Keep the tide in mind. It was coming in quite fast on us, so don’t walk too far around the corner as you may have a wet walk back.
3. Loch Ard Gorge
Loch Ard Gorge is amazing and only a few minutes drive west of The Twelve Apostles. The gorge is named after the ship Loch Ard, which ran aground on nearby Muttonbird Island at the end of a three-month journey from England to Melbourne.
Take the stairs down to the beach and sit in wonder. And there are three easy walks you can take to discover the area and getting view points.
4. London Arch (London Bridge)
London Arch was formed by a gradual process of erosion, and originally was a complete double-span and was attached to the mainland.
The arch closer to the shoreline collapsed unexpectedly in1990leaving two tourists stranded on the outer part until they were rescued by a helicopter. Prior to the collapse, the arch was known as London Bridge because of its similarity to its namesake.
There are three separate viewing areas and the main path branches off to these at different intervals.
5. The Grotto
The Grotto is basically a sinkhole. Take the steps down the cliff face to the bottom and look through and you’ll get visibility of the ocean beyond a pool at low tide. Pretty cool.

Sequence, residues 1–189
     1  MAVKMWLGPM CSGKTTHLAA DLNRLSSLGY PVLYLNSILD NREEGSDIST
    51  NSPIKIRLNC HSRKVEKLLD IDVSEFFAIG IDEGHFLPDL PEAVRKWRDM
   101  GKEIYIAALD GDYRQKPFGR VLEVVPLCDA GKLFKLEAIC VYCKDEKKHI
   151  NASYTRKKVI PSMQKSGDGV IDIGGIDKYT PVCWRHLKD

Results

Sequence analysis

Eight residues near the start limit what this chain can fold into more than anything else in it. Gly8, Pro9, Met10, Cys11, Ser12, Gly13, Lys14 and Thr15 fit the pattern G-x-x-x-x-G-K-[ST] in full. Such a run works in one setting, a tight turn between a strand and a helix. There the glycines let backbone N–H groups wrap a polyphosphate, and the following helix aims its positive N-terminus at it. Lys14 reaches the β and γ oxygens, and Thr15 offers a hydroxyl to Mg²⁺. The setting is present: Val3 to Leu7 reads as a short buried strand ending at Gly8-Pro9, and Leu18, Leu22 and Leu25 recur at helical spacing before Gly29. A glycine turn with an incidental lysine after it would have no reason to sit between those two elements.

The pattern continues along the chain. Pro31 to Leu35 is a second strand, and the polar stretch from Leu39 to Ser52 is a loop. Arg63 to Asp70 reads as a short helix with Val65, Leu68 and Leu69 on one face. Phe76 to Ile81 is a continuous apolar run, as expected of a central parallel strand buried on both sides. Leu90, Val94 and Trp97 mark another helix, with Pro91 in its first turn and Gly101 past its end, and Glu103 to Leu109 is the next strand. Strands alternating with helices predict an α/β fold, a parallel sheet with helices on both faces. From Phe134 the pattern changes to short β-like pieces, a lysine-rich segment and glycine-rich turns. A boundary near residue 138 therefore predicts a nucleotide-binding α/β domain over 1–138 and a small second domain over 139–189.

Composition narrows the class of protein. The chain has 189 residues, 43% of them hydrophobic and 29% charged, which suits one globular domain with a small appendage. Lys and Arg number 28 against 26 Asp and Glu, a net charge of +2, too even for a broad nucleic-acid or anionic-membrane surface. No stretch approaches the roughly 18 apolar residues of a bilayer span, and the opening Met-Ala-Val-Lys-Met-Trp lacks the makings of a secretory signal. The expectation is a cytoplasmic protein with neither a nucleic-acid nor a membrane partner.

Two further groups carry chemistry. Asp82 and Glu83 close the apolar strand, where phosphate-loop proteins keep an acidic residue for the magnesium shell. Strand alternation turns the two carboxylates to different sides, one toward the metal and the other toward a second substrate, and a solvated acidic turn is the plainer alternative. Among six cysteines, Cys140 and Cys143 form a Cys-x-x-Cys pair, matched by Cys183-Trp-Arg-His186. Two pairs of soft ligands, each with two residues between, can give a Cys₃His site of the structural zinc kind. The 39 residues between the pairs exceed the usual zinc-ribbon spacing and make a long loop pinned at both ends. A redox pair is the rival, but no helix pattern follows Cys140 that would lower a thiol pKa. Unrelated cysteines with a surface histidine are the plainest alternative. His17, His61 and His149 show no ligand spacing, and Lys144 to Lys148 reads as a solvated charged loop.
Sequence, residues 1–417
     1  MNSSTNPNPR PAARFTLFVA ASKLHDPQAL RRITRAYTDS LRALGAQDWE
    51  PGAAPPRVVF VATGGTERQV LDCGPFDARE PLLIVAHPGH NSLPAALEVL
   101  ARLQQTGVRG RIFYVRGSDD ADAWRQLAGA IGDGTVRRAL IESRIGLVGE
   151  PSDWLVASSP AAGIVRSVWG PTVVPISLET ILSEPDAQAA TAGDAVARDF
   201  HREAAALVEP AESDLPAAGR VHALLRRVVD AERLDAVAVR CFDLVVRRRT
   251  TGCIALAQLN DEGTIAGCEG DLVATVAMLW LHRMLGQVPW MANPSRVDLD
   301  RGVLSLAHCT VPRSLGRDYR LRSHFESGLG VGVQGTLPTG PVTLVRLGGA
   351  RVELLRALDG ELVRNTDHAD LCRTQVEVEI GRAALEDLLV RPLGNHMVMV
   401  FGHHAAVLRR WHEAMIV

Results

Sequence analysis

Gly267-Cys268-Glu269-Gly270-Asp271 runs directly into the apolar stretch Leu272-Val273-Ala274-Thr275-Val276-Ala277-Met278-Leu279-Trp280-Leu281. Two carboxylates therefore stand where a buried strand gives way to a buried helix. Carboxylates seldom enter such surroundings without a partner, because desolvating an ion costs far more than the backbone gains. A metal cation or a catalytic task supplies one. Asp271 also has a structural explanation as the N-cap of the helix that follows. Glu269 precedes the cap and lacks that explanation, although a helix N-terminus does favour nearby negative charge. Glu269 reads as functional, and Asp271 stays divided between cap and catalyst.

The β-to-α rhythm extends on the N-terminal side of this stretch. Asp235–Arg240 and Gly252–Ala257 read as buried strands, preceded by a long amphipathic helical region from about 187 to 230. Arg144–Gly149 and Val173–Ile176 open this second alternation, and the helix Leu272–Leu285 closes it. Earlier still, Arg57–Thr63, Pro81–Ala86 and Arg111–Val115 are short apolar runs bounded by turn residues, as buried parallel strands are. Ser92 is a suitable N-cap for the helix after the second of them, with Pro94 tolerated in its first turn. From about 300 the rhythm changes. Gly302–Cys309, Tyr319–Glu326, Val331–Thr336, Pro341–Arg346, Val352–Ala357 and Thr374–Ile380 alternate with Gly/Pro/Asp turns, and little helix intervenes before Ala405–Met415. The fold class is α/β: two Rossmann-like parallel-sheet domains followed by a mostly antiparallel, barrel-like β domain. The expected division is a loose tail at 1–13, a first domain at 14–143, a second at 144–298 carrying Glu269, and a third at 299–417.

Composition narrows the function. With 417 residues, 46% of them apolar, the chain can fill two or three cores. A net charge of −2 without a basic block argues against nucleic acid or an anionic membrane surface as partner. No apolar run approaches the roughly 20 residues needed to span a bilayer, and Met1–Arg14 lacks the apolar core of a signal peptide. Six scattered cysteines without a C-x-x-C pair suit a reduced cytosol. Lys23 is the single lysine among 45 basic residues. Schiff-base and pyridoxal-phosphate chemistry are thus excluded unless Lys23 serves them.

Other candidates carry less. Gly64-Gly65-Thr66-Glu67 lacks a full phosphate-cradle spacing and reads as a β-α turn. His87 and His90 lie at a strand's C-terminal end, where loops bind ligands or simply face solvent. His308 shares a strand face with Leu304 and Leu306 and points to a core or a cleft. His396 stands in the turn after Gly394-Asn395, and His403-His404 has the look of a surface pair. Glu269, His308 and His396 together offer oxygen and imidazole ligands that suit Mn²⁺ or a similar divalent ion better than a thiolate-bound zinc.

6. The Arch
This naturally sculptured arch stands 8 metres high, and is located 6km west of Port Campbell. You’ll appreciate the swells and power of the ocean crashing in against the arch, it makes the drama of the place even better.
7. Walks in Port Campbell National Park
Port Campbell National Park is not just about standing at the 12 Apostles and taking your “I was here pic“. We arrived thinking we’d spend a couple of hours looking at the rocks, we ended up staying all day.
The park has so much to offer with cliff top tracks, gorges, beach walks and stories of shipwrecks to discover. It’s truly a fascinating and beautiful park.
Don’t be like the tourist bus masses. Take your time and appreciate all the sites within: 12 Apostles, Gibson Steps, Loch Ard Gorge, London Arch, The Grotto, The Arch.
8. Bay of Islands
The 12 Apostles are not the only magical rocks rising out from the ocean. Head a little further south to Peterborough and you’ll discover the mystical Bay of Islands and Bay of Martyrs. Almost as beautiful, yet rarely talked about.